Meltwaters in Antarctica: Delineating and Quantifying Sources of Freshwater along the Western Antarctic Peninsula

Tuesday, 16 December 2014
David Reide Corbett1, Kimberly A Null1, Jared Crenshaw1, William B Lyons2, Richard N Peterson3, Leigha Peterson3, Richard F Viso3 and Clifton S Buck4, (1)East Carolina University, Greenville, NC, United States, (2)Ohio State Univ, Columbus, OH, United States, (3)Coastal Carolina University, Conway, SC, United States, (4)Skidaway Institute of Oceanography, Savannah, GA, United States
The importance of freshwater discharge from glaciers and ice sheets along the Western Antarctic Peninsula (WAP) is now evident, but quantifying the source of freshwater inputs (e.g., calving, ice sheet basal melt, and/or subglacial flow) directly and the associated constituent fluxes have been limited. The mode of freshwater contribution in glacier marine environments can be important to understanding glacial melt dynamics related to climate change and overall influences on the coastal ecosystem. As part of an NSF funded project, we are attempting to quantify for the first time using land-based measurements the rate of freshwater input and the associated flux of nutrients and iron to the coastal waters of the WAP, and the mixing of these constituents across the continental shelf. This research is combining geophysical measurements with established radio- (radium quartet and 222Rn) and stable tracer (18O and 2H) techniques to quantify submarine groundwater discharge (SGD), particularly the freshwater contributions, to the coast and delineate the source of water and dissolved constituents.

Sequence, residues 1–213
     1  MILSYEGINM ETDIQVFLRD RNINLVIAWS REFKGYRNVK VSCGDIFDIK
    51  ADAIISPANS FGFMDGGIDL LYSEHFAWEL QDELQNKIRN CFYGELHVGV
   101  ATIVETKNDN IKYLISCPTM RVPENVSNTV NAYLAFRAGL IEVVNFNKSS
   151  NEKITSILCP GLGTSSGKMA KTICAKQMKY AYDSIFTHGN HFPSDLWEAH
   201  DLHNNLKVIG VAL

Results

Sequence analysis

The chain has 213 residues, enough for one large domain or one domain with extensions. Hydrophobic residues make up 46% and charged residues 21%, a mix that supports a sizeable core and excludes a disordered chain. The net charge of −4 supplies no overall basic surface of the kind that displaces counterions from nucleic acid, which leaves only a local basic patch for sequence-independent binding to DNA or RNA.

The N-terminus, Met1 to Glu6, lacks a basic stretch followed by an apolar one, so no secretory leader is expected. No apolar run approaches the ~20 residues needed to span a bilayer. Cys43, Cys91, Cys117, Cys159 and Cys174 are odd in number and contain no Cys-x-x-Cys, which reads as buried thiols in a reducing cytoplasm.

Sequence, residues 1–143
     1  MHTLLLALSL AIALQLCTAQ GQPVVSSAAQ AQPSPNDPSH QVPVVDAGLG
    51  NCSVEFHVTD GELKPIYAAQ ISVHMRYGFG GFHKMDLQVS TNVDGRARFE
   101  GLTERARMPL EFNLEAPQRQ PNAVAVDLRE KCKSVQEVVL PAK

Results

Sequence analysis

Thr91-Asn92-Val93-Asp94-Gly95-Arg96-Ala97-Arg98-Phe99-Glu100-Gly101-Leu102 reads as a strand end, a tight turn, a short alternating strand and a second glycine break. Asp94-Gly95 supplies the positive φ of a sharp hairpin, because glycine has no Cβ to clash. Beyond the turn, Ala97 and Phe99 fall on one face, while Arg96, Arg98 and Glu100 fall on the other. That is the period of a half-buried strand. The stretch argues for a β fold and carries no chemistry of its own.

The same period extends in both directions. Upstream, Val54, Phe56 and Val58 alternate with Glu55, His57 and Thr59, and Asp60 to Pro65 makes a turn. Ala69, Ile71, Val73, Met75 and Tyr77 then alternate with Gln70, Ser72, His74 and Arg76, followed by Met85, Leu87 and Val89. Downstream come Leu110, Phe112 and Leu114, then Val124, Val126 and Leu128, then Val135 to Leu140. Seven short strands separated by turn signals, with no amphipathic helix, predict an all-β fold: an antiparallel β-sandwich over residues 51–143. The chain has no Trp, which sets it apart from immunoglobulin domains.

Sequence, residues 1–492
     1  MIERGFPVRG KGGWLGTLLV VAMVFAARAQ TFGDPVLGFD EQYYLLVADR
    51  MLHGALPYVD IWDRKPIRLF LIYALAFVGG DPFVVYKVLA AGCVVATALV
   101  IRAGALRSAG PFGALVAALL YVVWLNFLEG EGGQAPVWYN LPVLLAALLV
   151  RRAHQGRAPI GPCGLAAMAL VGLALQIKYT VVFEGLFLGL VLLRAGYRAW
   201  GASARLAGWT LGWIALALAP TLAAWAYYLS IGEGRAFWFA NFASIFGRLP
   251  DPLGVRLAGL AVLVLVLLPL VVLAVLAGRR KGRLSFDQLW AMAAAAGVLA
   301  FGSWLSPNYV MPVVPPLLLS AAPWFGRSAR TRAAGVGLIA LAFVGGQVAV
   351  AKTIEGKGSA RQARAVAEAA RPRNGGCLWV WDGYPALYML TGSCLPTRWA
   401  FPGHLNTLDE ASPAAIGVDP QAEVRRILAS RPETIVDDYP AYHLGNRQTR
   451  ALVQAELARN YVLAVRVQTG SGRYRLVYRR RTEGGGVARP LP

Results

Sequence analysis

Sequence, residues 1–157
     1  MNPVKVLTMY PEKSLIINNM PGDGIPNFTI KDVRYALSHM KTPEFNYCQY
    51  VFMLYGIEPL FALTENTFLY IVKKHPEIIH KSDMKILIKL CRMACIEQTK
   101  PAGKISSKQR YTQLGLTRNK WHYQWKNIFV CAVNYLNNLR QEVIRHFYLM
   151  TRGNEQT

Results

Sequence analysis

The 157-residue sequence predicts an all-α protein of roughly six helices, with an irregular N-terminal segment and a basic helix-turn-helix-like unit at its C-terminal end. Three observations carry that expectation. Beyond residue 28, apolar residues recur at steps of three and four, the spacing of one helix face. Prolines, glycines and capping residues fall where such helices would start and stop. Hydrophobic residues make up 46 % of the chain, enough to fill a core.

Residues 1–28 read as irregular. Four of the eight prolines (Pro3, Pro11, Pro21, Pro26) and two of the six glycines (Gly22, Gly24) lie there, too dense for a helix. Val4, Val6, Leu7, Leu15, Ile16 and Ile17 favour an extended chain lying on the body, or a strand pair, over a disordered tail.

Nearshore surface water and end member (e.g., streams, groundwater, etc.) tracer data suggest a means of discerning the source of freshwater, with up to 50% of freshwater input from subsurface flow. Time series tracer data in combination with electrical resistivity measurements provide clear observations of SGD and provide insights into tidal influences and the rapid response of subsurface fluid interactions. More broadly, 223Ra and 224Ra activities are elevated in porewaters and glacial meltwaters and decreased in surface water with distance from shore. A preliminary mass balance model estimates SGD at approximately 200 m3 d-1 per m of shoreline during austral summer, comparable to temperate environments.

Across the shelf, surface water tracer concentrations suggest rapid cross-shelf mixing (730-14000 m2s-1) that could increase delivery of nearshore freshwater and dissolved constituents further afield. Primary production in iron-limited waters offshore of the WAP is believed to be fueled by continentally-derived sediments. Based on these measurements, SGD could potentially be an important and unaccounted source of iron to continental shelf waters.